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We have new Michelin tires but it happened before we got the new tires as
well and yes we have cloth seats. Can you explain what a grounding strap
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You may have to call around or even order one from the internet, but thay are standard enough devices. You can even use any piece of braided wire. They are braided straps that attach to the body of the car and dangle underneath. Many people set them up to touch the ground, but it really isn't necessary - just the sharp fuzzy end is enough to bleed the static electricity off. You will see the same things (but much pricier) on the wingtips of small aircraft - they are called "static wicks." When I was in avionics many years ago I went on a test flight with a man who complained all his radios filled with noise when he got in the air. Sure enough, before he even lifted off the noise rose and got worse with increased speed. It turned out every one of his static wicks had broken off.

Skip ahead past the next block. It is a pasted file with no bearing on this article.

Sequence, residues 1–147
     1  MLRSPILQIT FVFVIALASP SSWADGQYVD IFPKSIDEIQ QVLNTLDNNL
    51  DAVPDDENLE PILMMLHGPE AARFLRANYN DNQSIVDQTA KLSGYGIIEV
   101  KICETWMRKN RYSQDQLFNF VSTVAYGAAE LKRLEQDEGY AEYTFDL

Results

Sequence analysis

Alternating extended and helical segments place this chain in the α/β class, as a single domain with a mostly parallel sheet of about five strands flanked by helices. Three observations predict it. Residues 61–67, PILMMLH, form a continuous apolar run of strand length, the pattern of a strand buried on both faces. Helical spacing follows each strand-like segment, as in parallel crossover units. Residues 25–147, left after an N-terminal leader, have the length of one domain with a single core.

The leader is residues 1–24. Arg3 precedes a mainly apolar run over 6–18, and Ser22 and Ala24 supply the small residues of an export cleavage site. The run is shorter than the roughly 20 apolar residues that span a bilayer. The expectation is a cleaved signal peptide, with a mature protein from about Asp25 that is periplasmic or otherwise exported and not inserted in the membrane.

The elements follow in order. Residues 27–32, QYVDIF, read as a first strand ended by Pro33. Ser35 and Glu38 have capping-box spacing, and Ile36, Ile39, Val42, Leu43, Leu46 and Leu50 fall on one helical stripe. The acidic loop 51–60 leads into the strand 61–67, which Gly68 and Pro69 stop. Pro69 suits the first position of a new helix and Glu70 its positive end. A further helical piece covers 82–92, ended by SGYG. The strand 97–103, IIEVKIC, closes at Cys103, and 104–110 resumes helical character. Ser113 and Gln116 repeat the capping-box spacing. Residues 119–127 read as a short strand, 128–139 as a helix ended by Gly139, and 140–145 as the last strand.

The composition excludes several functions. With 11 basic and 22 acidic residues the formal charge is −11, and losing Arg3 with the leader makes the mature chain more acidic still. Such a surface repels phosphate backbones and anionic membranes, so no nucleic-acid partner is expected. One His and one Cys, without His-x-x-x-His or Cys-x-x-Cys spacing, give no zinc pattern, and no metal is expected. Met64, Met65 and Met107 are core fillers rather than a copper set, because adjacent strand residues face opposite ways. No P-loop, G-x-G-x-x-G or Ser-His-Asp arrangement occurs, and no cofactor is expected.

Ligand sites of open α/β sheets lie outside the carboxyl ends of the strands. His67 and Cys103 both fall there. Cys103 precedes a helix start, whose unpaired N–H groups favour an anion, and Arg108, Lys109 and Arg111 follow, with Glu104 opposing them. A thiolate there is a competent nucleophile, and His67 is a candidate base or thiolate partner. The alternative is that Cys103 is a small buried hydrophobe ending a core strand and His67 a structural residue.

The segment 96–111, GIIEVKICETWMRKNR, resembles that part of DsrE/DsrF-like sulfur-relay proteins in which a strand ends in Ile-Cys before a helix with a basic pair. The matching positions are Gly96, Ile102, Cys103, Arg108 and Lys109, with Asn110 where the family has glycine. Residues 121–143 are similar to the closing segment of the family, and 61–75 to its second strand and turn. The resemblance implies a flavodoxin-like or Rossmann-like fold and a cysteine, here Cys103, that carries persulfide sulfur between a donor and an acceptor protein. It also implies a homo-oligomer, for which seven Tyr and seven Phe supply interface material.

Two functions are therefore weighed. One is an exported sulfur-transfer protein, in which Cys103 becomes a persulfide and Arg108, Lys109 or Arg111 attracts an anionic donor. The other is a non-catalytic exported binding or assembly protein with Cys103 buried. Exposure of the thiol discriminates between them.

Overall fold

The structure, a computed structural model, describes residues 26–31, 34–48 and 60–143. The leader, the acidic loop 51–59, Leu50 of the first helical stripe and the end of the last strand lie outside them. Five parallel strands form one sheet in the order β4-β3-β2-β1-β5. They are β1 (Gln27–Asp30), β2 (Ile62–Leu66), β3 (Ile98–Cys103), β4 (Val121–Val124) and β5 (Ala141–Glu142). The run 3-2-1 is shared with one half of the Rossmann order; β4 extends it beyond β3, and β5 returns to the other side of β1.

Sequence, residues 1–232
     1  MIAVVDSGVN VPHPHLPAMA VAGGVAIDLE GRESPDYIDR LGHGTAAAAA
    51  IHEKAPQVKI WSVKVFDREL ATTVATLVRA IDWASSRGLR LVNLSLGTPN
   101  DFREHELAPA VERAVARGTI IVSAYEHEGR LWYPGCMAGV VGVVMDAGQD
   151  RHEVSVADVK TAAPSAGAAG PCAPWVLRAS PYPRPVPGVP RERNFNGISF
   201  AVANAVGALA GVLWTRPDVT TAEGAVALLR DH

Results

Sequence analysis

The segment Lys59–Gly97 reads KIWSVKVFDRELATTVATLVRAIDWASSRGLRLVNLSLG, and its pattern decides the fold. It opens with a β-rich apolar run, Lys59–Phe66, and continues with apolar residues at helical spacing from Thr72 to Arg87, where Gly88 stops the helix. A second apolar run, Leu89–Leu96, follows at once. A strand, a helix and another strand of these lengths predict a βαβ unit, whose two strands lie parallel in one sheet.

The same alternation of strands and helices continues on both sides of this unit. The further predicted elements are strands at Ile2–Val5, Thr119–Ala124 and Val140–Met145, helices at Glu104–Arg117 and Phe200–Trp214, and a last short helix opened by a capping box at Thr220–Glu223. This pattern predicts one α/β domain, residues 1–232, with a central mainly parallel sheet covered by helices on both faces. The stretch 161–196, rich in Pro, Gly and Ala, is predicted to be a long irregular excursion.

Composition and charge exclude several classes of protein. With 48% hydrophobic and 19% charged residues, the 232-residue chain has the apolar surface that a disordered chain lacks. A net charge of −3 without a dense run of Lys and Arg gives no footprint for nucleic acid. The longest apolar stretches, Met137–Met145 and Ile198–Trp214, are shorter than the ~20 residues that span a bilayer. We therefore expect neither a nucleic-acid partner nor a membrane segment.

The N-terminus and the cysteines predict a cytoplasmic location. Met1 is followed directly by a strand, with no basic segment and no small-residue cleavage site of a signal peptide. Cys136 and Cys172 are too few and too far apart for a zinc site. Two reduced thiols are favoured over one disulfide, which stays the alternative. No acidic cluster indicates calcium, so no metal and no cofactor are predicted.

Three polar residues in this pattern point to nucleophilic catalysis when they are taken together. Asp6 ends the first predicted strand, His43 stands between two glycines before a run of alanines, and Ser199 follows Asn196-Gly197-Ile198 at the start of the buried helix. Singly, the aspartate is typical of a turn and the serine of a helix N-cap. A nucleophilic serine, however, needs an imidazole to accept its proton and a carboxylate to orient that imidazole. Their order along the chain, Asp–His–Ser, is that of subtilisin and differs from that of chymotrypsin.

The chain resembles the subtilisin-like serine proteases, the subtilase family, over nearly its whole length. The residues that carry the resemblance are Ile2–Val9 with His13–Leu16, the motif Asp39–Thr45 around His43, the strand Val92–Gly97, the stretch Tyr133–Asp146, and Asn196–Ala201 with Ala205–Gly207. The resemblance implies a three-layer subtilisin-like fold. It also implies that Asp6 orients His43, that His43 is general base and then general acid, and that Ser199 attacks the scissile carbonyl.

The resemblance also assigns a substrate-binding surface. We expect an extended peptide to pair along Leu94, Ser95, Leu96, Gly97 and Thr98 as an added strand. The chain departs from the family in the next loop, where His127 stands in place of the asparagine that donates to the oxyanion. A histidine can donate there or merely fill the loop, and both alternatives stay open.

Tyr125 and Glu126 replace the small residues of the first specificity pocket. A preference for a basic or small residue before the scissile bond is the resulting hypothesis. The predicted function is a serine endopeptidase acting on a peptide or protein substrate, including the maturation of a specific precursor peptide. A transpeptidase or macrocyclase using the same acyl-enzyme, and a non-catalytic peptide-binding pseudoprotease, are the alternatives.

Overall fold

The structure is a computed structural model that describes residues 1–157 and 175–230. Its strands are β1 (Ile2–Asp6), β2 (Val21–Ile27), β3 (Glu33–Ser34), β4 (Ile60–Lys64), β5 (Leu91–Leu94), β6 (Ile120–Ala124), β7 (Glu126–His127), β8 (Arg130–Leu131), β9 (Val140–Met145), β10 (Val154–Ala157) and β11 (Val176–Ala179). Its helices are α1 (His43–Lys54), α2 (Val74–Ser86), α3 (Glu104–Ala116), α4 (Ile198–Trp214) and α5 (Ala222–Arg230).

Mike
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You can try Static Guard spray, found in the laundry section of many grocery stores. Spray your car seats with it. That should take care of any static generated when you slide accross your seats.

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I've had success with it, although it doesn't last long - the effect wears off a lot after a day or so. I didn't keep at it long enough to tell if the antistatic effect would build up after a while... it might.